I can’t believe I haven’t posted a picture of my favorite Halloween trick or treaters!! Here they are!
I think this might be a dragon costume, but we called it a dinosaur because Owen hasn’t had much experience with dragons yet. He was adorable. I tried for a week to get him to say Trick or Treat – he usually will repeat most anything, but he would not. I think he just had no idea what it meant. Then right before he went out that evening we gave him an M & M (his first!) and told him if he said “Trick or Treat” he would get more candy! He said it right away!! At every door!!
It really made me think about how much we talk to kids, and how important it is to develop vocabulary and explain words and use visual and kinesthetic cues to help them understand!
We didn’t take Anna and Lily out – but they were adorable too – little ladybugs! I put their little seats right by the door and invited several of their neighbors in to see how cute they looked. Good thing I am such an objective grandmother.
This is Lily who likes to lie on her tummy!
This is Anna! She’s not such a fan of lying on her tummy!
I keep encouraging tummy time because now that babies sleep on their backs a lot of them don’t like to be on their tummy, which is so important for developing strength in their neck, shoulders, arms, tummy, etc. Some research is showing that a lot of children are entering school with really weak muscles – and it affects schoolwork a lot! They speculate it begins in infancy – many babies spend so much time on their backs – sleeping, in car seats, in baby bouncers, etc. Babies aren’t even lifted in and out of their equipment as much now that they go into the car seat inside the house – then it gets hooked into the car, secured into the grocery cart, or stroller, or restaurant seat. When babies are lifted in an out they have to develop neck muscles to hold their head up and there is evidence that many babies are not as strong as in past generations.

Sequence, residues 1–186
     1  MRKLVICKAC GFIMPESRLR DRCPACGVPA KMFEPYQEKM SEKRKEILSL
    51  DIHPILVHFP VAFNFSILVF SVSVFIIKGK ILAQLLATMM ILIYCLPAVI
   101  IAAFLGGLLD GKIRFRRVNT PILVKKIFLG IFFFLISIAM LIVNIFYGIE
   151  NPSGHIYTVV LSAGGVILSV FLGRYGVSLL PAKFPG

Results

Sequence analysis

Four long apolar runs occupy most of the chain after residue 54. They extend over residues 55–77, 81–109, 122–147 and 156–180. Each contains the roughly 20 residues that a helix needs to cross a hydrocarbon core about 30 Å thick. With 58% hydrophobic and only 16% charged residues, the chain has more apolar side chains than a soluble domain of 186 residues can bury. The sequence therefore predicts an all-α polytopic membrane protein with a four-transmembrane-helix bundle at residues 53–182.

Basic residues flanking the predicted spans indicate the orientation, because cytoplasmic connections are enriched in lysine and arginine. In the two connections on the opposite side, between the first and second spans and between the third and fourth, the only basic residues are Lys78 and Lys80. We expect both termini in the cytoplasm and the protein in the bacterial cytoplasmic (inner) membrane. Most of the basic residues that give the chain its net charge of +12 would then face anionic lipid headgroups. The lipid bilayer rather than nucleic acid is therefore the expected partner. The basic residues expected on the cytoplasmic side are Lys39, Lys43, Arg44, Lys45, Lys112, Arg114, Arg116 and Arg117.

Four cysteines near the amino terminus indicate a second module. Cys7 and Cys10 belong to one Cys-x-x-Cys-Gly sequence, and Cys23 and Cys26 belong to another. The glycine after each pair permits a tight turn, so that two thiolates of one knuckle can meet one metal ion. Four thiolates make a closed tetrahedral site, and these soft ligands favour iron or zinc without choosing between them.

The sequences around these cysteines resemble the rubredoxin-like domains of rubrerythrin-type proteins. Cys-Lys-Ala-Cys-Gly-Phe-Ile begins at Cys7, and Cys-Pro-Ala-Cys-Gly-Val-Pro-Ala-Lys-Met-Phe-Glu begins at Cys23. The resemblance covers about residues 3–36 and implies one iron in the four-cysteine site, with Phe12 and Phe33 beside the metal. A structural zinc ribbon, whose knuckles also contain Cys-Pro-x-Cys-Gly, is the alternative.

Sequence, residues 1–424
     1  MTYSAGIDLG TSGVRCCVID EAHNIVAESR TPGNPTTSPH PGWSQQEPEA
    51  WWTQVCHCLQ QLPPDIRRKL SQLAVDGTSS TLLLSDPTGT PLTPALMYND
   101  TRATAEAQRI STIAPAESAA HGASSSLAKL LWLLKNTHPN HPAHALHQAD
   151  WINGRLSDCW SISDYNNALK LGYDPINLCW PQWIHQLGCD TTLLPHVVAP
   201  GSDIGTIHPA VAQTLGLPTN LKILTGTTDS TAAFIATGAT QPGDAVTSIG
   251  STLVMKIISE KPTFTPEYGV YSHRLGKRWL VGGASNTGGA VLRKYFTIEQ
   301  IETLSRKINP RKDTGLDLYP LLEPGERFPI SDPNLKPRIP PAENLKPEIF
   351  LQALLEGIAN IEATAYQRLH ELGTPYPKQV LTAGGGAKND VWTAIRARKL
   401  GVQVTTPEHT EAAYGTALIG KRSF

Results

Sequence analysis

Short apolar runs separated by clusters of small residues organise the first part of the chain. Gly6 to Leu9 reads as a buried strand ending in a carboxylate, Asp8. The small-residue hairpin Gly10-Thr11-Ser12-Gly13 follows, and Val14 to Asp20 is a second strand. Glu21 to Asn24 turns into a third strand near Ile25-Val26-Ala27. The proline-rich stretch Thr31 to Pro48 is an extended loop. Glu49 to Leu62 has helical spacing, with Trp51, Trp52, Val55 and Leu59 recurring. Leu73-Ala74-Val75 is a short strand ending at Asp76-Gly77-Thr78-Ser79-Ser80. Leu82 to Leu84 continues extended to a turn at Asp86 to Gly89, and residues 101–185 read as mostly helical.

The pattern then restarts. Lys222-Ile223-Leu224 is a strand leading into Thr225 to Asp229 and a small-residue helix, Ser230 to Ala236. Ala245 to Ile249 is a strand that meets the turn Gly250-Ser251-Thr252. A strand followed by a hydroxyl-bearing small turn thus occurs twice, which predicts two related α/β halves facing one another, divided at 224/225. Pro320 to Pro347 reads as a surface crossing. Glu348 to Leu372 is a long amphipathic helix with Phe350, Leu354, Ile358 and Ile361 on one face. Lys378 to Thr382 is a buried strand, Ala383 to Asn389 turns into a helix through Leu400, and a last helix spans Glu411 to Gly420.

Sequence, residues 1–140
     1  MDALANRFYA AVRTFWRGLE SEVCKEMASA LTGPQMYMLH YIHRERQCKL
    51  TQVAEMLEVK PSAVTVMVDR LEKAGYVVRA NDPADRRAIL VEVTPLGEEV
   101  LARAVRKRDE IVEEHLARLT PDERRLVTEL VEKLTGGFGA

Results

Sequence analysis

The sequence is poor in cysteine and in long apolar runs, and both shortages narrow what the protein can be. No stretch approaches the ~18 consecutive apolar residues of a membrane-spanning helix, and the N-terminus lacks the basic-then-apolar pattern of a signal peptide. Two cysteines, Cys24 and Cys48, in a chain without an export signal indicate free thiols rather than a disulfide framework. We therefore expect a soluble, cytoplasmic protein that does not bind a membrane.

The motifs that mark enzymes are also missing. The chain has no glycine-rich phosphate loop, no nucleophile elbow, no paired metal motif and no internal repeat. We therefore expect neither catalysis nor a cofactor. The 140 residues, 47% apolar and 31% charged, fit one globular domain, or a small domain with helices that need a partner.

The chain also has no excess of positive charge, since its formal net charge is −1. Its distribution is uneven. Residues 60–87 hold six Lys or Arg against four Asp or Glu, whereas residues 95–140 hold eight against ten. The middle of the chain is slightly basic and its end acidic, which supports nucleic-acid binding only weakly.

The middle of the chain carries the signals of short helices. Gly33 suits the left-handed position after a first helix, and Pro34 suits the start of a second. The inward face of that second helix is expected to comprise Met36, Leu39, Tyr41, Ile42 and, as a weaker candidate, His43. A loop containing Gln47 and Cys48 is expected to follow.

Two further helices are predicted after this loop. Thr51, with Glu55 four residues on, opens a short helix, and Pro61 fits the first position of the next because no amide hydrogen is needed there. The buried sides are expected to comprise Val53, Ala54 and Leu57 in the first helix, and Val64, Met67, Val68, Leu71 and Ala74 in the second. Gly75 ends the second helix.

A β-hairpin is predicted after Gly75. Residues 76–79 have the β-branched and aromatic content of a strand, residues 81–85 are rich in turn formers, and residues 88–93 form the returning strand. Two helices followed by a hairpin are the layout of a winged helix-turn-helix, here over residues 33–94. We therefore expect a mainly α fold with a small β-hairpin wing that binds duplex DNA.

The problem gets more serious as children spend so much time in front of TV or computers, etc. and less time on playgrounds or doing active physical play. One of the best recommendations was to play wheelbarrow with kids – where you hold their feet and they walk on their hands – Owen is getting pretty good at it! Kids need to have strong neck, shoulder and arm muscles to sustain all the writing activities – even sitting for periods of time requires core strength – we see a lot of kids slumped over at circle time or at their tables. I keep encouraging my family to take Owen outside to climb and run and play.
This also is one of my concerns regarding how Kindergarten is changing. Kids are not painting at the easel as much- which is great for arm strength, or dancing around, playing circle games, or out on the playground, or all the wonderful things that develop fine motor skills – finger painting, hole punching, lacing, cutting, tearing paper, I could go on and on. I totally understand the increased curriculum and mandates for Reader’s Workshop and Writer’s Workshop and DRA requirements and testing, etc. but we always have to keep in mind the whole child. As Becky Bailey says in Conscious Discipline – The best exercise for the brain is exercise.
How did I get on this tangent? Aren’t my Halloween pictures cute?